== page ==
A half-dozen cool things in music, from two points of view:
The Hold Steady, Fargo Theatre. Franz Nicolay was allowed to use the theater's organ for a spiritual version of "Two Crosses." For a group of nerds in their mid-30s, they sure know how to rock.
Detroit Lakes music scene. For a town of 8,000 people in outstate Minnesota, landing the Flaming Lips, Rascal Flatts, George Clinton, Kenny Chesney, Sugarland and Taylor Swift within a three-week span is pretty extraordinary. The Soo Pass Ranch is an excellent outdoor venue, set between the lakes and woods.
MTV's "FNMTV." The show features eclectic performances, from Lil Wayne and She & Him to LL Cool J and the Ting Tings. Even though the production and host Pete Wentz are a little over the top, it's still a fantastic attempt to bring back music video clips.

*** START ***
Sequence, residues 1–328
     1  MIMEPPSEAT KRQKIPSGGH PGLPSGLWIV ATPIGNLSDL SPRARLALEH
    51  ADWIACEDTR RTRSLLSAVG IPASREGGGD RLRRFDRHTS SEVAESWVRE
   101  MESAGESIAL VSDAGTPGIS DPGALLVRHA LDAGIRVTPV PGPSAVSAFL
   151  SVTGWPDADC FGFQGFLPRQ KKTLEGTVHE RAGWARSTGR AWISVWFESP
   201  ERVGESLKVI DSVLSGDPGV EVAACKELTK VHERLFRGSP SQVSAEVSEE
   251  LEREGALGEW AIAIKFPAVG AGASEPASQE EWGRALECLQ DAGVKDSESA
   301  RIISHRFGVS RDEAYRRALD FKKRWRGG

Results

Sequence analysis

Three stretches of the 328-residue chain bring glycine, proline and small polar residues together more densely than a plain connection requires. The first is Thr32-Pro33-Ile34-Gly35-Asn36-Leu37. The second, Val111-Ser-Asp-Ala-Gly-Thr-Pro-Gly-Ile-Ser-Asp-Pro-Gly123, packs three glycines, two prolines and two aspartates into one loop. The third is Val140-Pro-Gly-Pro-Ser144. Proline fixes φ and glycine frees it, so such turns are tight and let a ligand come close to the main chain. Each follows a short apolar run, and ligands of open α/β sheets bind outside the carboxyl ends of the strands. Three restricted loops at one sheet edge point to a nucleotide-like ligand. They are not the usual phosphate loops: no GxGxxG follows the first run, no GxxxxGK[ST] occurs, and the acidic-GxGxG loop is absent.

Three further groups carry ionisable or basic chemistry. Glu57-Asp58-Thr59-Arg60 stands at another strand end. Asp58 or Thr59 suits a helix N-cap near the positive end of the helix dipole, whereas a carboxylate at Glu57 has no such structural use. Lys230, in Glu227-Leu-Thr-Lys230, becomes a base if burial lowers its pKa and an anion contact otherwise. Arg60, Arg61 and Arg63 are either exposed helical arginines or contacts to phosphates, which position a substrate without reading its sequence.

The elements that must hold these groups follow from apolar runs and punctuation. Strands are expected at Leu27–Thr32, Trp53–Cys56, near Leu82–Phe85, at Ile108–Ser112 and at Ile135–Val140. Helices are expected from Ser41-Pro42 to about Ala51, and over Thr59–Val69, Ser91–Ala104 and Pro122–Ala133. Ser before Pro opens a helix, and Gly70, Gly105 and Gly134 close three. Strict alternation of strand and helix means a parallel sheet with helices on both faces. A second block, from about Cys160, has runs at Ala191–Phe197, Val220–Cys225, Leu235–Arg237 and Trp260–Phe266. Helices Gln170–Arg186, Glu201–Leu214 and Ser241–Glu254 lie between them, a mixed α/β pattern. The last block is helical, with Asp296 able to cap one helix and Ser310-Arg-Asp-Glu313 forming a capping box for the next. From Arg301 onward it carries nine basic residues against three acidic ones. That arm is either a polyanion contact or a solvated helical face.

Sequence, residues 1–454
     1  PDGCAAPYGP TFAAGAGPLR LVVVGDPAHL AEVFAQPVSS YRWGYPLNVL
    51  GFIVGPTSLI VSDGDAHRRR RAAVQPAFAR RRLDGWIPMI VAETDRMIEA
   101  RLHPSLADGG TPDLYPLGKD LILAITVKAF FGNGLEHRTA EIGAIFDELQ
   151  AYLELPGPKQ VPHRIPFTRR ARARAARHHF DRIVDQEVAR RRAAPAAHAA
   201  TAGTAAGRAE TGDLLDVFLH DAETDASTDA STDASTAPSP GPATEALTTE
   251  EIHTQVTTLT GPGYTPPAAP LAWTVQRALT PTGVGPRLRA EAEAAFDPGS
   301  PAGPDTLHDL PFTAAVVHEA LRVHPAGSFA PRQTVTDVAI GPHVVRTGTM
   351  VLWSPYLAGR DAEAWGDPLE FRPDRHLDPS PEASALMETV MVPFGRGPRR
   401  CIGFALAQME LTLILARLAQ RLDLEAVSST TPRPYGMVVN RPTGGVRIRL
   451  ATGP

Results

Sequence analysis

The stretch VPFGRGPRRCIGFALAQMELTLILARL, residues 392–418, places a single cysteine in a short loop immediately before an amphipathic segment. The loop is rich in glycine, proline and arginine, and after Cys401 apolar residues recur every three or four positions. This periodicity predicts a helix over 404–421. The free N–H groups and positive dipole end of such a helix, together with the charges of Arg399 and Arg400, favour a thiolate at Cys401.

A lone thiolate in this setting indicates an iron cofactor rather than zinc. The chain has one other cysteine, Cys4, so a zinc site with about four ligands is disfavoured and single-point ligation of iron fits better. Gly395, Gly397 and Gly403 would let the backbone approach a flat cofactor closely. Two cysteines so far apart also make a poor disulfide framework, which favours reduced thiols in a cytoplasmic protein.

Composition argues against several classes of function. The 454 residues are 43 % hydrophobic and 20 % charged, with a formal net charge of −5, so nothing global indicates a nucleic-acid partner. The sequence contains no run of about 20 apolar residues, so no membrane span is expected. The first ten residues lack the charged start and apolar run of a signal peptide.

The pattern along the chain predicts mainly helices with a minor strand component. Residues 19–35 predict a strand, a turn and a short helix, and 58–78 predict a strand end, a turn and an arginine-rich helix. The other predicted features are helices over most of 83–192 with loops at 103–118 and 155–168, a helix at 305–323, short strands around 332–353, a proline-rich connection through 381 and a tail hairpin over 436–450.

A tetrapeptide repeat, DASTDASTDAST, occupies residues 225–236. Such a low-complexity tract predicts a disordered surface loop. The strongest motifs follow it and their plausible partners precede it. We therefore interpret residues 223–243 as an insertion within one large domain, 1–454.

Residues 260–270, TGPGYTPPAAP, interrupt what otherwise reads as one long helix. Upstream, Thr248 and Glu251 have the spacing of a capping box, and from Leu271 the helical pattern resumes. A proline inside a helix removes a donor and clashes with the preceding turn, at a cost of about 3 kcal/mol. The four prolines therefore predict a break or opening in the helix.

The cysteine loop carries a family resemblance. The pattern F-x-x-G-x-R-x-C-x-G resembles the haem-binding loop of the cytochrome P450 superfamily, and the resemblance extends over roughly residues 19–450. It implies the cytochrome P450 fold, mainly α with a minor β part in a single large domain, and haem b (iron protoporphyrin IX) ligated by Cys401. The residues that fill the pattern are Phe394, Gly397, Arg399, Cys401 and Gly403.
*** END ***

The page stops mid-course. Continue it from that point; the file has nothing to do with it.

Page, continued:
MORIYA RUFER, DETROIT LAKES, MINN.
Jonas Brothers, Rolling Stone. Jason Gay's well-written cover story digs a little deeper into the Jonas phenomenon, discussing their religious background, purity rings, Nick's diabetes and their offstage lives. OMG, great stuff!
Jamey Johnson, "That Lonesome Song." An award-winning country songwriter, Johnson is a bad boy in the outlaw tradition, who, at his best, writes like Kris Kristofferson and delivers his songs like Waylon Jennings. "Lonesome" is a diamond in the rough.
Hootie & the Blowfish, Minnesota Zoo. Even with a more twangy bent, these 1990s heroes are a tight, spirited live band with swell vocal harmonies and a still-captivating lead singer -- even if Darius Rucker's new cowboy image seems forced. Highlights were the covers of R.E.M., Led Zeppelin and Oasis -- a sign of a top-notch live band.
JON BREAM, STAR TRIBUNE
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